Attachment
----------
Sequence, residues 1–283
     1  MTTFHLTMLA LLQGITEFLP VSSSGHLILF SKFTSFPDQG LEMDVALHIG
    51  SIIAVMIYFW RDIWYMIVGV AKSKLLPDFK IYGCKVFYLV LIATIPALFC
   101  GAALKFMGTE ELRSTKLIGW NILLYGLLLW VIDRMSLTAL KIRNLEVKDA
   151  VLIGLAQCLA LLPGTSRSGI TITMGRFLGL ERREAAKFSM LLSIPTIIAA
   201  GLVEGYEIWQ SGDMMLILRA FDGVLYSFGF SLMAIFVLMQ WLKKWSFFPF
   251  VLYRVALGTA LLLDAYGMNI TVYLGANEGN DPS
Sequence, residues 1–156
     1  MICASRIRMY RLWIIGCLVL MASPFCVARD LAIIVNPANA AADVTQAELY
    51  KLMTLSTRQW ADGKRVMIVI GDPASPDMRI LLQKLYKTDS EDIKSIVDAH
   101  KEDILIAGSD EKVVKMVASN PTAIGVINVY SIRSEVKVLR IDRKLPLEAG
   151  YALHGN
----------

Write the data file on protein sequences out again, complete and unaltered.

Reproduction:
Sequence, residues 1–283
     1  MTTFHLTMLA LLQGITEFLP VSSSGHLILF SKFTSFPDQG LEMDVALHIG
    51  SIIAVMIYFW RDIWYMIVGV AKSKLLPDFK IYGCKVFYLV LIATIPALFC
   101  GAALKFMGTE ELRSTKLIGW NILLYGLLLW VIDRMSLTAL KIRNLEVKDA
   151  VLIGLAQCLA LLPGTSRSGI TITMGRFLGL ERREAAKFSM LLSIPTIIAA
   201  GLVEGYEIWQ SGDMMLILRA FDGVLYSFGF SLMAIFVLMQ WLKKWSFFPF
   251  VLYRVALGTA LLLDAYGMNI TVYLGANEGN DPS
Sequence, residues 1–156
     1  MICASRIRMY RLWIIGCLVL MASPFCVARD LAIIVNPANA AADVTQAELY
    51  KLMTLSTRQW ADGKRVMIVI GDPASPDMRI LLQKLYKTDS EDIKSIVDAH
   101  KEDILIAGSD EKVVKMVASN PTAIGVINVY SIRSEVKVLR IDRKLPLEAG
   151  YALHGN